as for the "moral" merit of advice to take out extra earrings: i see anon's point. our young people do need to remember that they don't have to fit in. but they need to remember that as much about mormon culture as about non-mormon culture. i'm not sure such specific directives as don't wear two pairs of earrings and don't wear slouchy clothes coommunicate the message that we need to be individuals who value godliness above popularity. i see such directives communicating a message of conformity as an expression of goodness, which couldn't be further from the truth. there's nothing inherent in conforming to a standard of appearnce that makes someone good. the message that what matters is not how we look, but the state of our hearts would be much more powerfully communicated with stories of accepting others--regardless of their pierced, tatooed, rumpled, corporate, prim, or proper appearance.

Anonymous said...

The matters of family and relationships are key to our salvation. How we treat the earth is important, but I don't think it has the same importance as how we treat our families and God's children (including ourselves and our bodies) and what we can do to avoid serious sin. You can disagree, but I think that is the way the prophet sees things.

amelia said...

i agree--our families and our children are essential to our salvation. and screwing them over by destroying their world, all the while excusing ourselves because the world and its resources are secondary in importance, should mean something.

i believe in the symbiosis of life. there is no such thing as caring for only part of it. if we neglect one part of life--be it the earth and its resources or our children--we will necessarily damage other parts of it. perhaps there won't be a direct, causal relationship between such different forms of destruction. but it's impossible to separate out attitudes and values and beliefs--they will all inform every area of our lives. the point of this life is supposed to be reaching a state of ethical ability that allows us to take care of all of the things that need care, not just some of them. that we no longer allow our own life to be built on destruction, but instead build it on balance.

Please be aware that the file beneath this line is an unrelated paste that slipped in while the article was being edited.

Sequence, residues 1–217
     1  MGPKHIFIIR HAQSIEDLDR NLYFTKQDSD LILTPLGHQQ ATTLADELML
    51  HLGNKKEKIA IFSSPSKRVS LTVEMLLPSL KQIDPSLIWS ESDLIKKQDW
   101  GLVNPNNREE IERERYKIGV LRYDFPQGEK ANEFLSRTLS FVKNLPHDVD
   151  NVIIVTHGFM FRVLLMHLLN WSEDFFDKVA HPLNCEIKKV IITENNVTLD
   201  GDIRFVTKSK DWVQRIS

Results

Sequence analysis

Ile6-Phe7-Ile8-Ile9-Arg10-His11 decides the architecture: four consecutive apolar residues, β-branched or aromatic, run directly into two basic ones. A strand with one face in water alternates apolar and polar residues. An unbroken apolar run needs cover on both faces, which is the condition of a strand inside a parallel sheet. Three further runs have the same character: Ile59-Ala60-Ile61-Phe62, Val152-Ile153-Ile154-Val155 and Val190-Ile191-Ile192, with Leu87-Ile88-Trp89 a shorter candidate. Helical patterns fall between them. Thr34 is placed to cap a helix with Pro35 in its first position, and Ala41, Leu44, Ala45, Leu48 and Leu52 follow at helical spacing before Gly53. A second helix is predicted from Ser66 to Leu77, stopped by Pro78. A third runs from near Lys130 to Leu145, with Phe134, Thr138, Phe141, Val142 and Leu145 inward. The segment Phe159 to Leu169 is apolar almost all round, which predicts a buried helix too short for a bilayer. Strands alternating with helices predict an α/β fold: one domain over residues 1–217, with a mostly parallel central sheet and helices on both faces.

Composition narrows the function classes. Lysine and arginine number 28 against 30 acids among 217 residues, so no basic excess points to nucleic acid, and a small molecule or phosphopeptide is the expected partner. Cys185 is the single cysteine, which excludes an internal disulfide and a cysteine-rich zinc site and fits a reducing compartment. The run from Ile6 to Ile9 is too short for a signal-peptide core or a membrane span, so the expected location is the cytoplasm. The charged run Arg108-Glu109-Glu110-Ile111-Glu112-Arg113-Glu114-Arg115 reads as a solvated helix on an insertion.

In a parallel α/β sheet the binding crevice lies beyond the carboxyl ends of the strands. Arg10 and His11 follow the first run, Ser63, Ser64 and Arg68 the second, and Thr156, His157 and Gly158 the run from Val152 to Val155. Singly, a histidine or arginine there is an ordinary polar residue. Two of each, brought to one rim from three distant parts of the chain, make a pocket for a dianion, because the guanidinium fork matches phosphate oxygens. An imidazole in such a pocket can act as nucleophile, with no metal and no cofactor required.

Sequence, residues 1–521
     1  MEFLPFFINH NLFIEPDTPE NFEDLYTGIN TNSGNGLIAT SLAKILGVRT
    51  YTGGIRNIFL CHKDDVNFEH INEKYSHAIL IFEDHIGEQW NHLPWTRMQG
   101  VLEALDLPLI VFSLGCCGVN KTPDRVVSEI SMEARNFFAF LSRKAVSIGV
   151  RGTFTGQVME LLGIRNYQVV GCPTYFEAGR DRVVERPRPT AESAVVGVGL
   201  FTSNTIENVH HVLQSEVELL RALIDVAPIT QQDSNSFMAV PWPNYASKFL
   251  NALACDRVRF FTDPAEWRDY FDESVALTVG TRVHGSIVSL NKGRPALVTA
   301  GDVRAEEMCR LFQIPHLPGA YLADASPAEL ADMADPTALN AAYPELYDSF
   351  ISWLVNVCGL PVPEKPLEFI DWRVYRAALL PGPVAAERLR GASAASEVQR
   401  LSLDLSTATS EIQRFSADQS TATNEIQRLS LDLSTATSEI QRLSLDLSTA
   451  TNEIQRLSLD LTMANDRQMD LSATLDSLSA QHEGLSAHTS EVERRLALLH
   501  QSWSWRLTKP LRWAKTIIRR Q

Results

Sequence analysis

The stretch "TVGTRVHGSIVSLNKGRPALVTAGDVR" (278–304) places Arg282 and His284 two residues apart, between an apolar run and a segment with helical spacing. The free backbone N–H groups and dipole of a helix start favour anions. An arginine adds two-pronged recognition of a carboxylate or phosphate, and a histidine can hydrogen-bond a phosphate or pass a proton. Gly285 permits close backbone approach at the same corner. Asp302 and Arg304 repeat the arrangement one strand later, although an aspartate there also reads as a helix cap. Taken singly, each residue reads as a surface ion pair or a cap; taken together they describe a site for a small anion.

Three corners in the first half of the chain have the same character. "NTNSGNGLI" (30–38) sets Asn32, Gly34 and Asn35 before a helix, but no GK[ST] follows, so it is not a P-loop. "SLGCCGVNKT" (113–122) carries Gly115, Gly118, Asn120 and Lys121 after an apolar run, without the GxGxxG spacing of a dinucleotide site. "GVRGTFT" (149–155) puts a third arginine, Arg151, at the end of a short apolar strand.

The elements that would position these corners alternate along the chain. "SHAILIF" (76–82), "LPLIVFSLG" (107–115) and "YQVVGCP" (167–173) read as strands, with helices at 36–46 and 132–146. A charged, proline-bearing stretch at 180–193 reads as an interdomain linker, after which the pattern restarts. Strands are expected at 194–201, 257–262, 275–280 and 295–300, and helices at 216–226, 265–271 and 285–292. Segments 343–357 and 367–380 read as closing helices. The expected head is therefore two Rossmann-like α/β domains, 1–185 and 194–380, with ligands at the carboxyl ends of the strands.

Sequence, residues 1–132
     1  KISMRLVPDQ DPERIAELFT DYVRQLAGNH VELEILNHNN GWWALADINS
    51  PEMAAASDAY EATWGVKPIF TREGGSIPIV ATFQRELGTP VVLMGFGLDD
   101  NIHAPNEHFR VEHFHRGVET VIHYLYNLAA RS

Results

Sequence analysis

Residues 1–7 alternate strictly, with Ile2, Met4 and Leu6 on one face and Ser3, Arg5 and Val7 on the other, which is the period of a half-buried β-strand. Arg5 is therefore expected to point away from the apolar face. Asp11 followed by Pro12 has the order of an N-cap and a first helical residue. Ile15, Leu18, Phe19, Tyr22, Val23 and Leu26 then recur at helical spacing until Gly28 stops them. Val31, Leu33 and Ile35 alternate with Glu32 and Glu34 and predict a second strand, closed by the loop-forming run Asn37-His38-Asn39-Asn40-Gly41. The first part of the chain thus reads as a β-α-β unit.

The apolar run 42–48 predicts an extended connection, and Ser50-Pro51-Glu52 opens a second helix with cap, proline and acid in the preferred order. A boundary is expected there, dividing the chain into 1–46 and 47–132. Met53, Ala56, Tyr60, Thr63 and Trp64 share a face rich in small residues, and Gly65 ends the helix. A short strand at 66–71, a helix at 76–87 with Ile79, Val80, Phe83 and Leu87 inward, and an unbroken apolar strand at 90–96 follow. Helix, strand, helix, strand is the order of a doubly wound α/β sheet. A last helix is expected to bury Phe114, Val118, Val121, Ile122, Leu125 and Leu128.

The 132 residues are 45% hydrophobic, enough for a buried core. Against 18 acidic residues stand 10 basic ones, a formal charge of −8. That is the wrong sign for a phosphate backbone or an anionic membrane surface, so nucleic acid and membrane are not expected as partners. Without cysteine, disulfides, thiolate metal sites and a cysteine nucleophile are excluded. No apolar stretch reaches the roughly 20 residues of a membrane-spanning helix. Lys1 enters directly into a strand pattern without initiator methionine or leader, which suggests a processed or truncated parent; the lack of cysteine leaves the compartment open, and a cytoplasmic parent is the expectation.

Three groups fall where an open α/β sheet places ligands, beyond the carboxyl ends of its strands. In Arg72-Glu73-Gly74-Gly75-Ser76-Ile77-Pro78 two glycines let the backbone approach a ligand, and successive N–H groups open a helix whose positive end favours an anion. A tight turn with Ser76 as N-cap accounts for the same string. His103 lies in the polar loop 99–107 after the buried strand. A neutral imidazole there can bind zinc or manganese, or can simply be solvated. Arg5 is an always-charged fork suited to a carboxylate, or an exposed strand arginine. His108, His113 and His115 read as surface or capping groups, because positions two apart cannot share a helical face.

should your child's welfare come before that of the earth? yeah. it should. but that's a poor way to conceive of things because it suggests that these are mutually exclusive things and that doing one precludes doing the other--both of which couldn't be further from the truth.

and then there's the whole question of how we are treating those of god's children who suffer because we abuse the earth's resources. young children forced into what is essentially slavery in order to mine diamonds. not to mention all of the lives lost because of blood diamonds. a blind eye turned to genocide in sudan because of oil. just a few of many, many examples of the way in which we not only forget but actively ignore the welfare of god's children in the name of pillaging the earth for our own comfort, pleasure, and profit. and the fact that these people live half the way around the world and are not in our family doesn't excuse our behavior.

and do you really think god gives a tinker's damn about whether i have one or two or ten holes in my ears? i don't. i think he cares a hell of a lot more about the state of my soul. the way i adorn my body has little if anything necessary to do with the state of my soul. even if adornment can sometimes be one means of expressing the state of the soul, it is not inherently an expression of the state of the soul. i think it would be fantastic to hear our church leaders give as much air time to concerns about the state of our world's environment as they do to whether a girl has one or two earrings or whether she wears nylons or whether a boy's shorts are too big or some other utterly stupid and subjective concern about appearance.

Téa said...

It's a few years old, but this is an article from the High Country News that I enjoyed when it was published, Being Green in the Land of the Saints

It mentions some attitudes held by LDS regarding environmental issues and how some members are working very hard to take care of earth and change others' views at the same time. It's a good read.

Dead Poet said...

I think a big, huge reason the church leaders don't speak on environmental issues in the same way they came out and said "One earring per ear, please," is because it is such a political issue. The church has a policy to take no sides on almost all political issues. I haven't been a member all my life, but the only thing I've ever heard them take a stand on politically is same-sex marriage. Otherwise, they keep out of it. I think it's to teach us to think more for ourselves on big issues and to not look to the leaders for our opinions. I don't understand why they felt it important to speak on the issue of earrings, body piercings, and slouchy clothes, but they must have had some sort of revelation or prompting to speak on it, or they wouldn't have.